With judicious treatment planning, the clinical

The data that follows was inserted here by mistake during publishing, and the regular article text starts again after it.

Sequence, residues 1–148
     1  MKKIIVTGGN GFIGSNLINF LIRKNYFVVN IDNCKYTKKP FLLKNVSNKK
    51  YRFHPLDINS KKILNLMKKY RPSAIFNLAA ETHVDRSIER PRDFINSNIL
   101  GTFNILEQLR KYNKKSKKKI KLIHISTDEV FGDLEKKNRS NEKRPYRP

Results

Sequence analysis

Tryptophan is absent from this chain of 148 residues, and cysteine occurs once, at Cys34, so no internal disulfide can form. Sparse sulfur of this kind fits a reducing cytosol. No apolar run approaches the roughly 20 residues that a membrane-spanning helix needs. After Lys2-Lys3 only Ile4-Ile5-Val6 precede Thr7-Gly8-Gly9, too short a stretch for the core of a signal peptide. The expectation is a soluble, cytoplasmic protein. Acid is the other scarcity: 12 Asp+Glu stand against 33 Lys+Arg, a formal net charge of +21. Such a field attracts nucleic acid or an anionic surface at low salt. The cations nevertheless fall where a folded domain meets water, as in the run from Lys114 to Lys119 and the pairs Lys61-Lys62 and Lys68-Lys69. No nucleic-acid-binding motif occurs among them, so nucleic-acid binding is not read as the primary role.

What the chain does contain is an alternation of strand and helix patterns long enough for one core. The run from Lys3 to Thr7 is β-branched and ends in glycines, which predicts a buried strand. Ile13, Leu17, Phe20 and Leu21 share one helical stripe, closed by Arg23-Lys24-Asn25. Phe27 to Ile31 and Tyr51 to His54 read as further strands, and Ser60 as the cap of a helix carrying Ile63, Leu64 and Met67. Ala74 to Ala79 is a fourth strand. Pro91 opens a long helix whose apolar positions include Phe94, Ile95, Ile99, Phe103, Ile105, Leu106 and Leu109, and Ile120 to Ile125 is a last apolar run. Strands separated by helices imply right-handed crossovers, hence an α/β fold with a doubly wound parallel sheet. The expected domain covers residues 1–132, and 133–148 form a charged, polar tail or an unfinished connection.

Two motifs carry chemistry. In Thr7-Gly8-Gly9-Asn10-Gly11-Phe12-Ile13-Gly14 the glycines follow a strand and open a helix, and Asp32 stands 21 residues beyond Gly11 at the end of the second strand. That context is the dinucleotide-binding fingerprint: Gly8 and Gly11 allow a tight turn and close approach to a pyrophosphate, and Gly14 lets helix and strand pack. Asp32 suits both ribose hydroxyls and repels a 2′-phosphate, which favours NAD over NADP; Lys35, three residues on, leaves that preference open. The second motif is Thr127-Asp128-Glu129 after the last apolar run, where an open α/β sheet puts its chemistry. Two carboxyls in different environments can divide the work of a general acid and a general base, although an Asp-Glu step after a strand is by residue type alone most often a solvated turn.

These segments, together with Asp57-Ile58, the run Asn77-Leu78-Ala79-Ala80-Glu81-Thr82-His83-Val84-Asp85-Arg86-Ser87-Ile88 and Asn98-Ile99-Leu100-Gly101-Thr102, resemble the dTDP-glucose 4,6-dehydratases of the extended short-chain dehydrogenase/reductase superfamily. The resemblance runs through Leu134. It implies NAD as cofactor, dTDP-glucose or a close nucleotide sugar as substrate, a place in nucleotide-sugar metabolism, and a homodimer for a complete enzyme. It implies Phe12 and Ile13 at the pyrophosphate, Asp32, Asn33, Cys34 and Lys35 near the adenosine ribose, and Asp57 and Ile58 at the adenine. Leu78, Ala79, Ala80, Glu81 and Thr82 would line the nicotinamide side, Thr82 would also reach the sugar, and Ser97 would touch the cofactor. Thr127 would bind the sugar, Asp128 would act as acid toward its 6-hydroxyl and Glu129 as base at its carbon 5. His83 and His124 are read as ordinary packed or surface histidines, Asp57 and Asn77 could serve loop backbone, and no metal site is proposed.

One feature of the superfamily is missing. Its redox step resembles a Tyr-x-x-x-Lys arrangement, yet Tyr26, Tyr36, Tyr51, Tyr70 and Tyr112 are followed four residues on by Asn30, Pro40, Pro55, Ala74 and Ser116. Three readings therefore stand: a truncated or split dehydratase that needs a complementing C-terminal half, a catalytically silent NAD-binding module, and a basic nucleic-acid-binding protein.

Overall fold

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1 CLINICIAN S CORNER Selecting custom torque prescriptions for the straight-wire appliance Earl Johnson San Francisco, Calif Selecting custom torque prescriptions based on the treatment needs of each patient can reduce the amount of routine archwire torque adjustment needed and speed torque correction, thus reducing the total treatment time. Using the appropriate torque prescription prevents iatrogenic torque problems and allows most torque corrections to be done earlier with more resilient nickel-titanium and beta-titanium wires. As a result, fewer time-consuming final torque adjustments are needed with stainless steel finishing wires, resulting in shorter treatment time. (Am J Orthod Dentofacial Orthop 2013;143:S161-7) With judicious treatment planning, the clinical orthodontist using a straight wire appliance can reduce the need for routine torque adjustments. Molars needing torque can be uprighted early and accurately during treatment, and fewer routine final torquing adjustments will be needed at the end of treatment (Figs 1 and 2). The straight-wire appliance was developed by Dr Larry Andrews of San Diego, Calif. 1 This appliance incorporated slot inclination (torque), slot angulation (mesiodistal root tip), and first-order offsets (varied bracket base thickness) into individual brackets designed for each tooth in the arch. This innovation made it possible not only to level with unadjusted round nickel-titanium wires but also to continue leveling with flat unadjusted rectangular wires. This appliance concept greatly reduced the amount of routine wire bending needed for the average patient. The torque prescription values incorporated were developed from Andrews research with 120 untreated normal occlusions (Table I). 1 The straight-wire appliance made it possible to use flat, unadjusted rectangular nickel-titanium wires for generalized initial torque correction and control. Health sciences clinical professor, Division of Orthodontics, Department of Orofacial Sciences, School of Dentistry, University of California, San Francisco. The author reports no commercial, proprietary, or financial interest in the products or companies described in this article. Reprint requests to: Earl Johnson, Division of Orthodontics, Department of Orofacial Sciences, School of Dentistry, University of California-San Francisco, 707 Parnassus, Box 0438, San Francisco, CA ; , earl. Submitted, October 2011; revised and accepted, September /$36.00 Copyright Ó 2013 by the American Association of Orthodontists. Accurate bracket placement is essential for an excellent tooth position outcome. Beyond that, the slot torque prescription in the bracket can be varied according to the direction of buccolingual root movement desired or to be prevented. Attention to torque values permits even more accurate leveling and early torque control than is possible with the basic Andrews torque values. By following up leveling with formable beta-titanium or stainless archwires, complete torque correction can be easily completed to the values chosen by the practitioner. Any bracket can rotate freely about a rectangular archwire until the wire becomes locked against the bracket slot walls (slot lock). The total amount of free rotation for each tooth crown, from lock point to lock point, is twice the amount of nominal slot play (Figs 3 and 4, Table II). Since the bracket can rotate about the archwire in 2 opposite directions, 2 slot lock points are created. Every combination of archwire shape and specified slot size has a slot play for that particular combination. These data are not easily available from manufacturers. Meling et al 2 published a formula for calculating slot play, taking into consideration (1) slot height (manufacturers make them larger than nominal size), (2) wire size (manufacturers make them slightly smaller than nominal size), and (3) edge rounding (corner radius) of the archwires (not usually disclosed by manufacturers). For all teeth, the desired torque prescription calculations are based on the slot play of the final finishing or detailing archwire. Ideally, the final finishing archwire will bring each tooth to its desired faciolingual angulation. To achieve this, the clinician must choose a torque prescription and wire size combination that will cancel out the slot play at the crown's desired final inclination. The S161